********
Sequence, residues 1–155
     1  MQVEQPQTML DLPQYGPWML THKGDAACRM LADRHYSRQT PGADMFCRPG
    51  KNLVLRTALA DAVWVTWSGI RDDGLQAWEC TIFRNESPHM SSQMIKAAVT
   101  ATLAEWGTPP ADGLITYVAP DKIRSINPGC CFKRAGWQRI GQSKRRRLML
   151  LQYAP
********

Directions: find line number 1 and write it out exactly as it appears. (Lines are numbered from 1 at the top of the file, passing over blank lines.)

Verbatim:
Sequence, residues 1–155